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Professor Tamara Kelly appointed as Pedagogical Innovation Chair in Science Education

Professor Tamara Kelly appointed as Pedagogical Innovation Chair in Science Education

Biology Professor Tamara Kelly has been appointed as the Faculty of Science’s inaugural Pedagogical Innovation Chair in Science Education (PICSE), effective Sept 1, 2021, for a term of three years.

In her role as Chair, Dr. Kelly will support the celebration and recognition of pedagogical excellence within the Faculty and lead pedagogical innovation efforts in science education. She will spearhead pedagogical innovation using evidence-based and inclusive strategies, and work with faculty to provide students with exceptional learning opportunities and improved experiences. This will include developing and adopting new pedagogy methods and technologies, improving the effectiveness of classroom teaching, working to further a collaborative culture that shares and celebrates our pedagogical expertise, and measuring the success of these endeavours.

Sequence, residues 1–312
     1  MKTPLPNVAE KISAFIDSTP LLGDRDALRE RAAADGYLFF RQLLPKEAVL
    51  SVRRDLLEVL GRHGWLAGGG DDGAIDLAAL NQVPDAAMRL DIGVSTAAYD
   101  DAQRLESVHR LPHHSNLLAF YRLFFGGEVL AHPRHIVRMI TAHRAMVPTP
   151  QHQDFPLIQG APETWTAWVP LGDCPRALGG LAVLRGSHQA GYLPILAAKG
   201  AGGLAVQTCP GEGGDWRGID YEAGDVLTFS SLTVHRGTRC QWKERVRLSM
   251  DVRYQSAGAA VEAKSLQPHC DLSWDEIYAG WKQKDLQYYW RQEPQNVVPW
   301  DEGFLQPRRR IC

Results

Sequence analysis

“The Faculty of Science has an outstanding culture of pedagogical innovation, led by talented faculty members and instructors who are dedicated to students and their success. Dr. Kelly exemplifies this student-first mindset,” says Rui Wang, Dean of the Faculty of Science. “Teaching and learning are the cornerstone of our students’ success and our Faculty as a whole. I have every confidence that Dr. Kelly will be an outstanding asset in this new role.”

Dr. Kelly joined York University’s Department of Biology in 2008. She is a longstanding leader in pedagogical scholarship, and has earned a reputation as an expert teacher, mentor, collaborator, and advocate for innovation and improvement to undergraduate education. Dr. Kelly’s expertise has been recognized with numerous teaching awards, invited talks, and publications. She has a proven history of innovating teaching practices in her own courses and has consistently introduced and promoted evidence-based best practices in science education.

She has worked to promote evidence-based pedagogy through the Faculty's Committee for Teaching and Learning, developed science education initiatives within the Faculty, and is a co-founder and past President of the Open Consortium of Undergraduate Biology Educators, a national organization to promote knowledge mobilization in undergraduate biology education. Prior to joining York, she served as the Science Teaching and Learning Fellow for the Carl Wieman Science Education Initiative at UBC.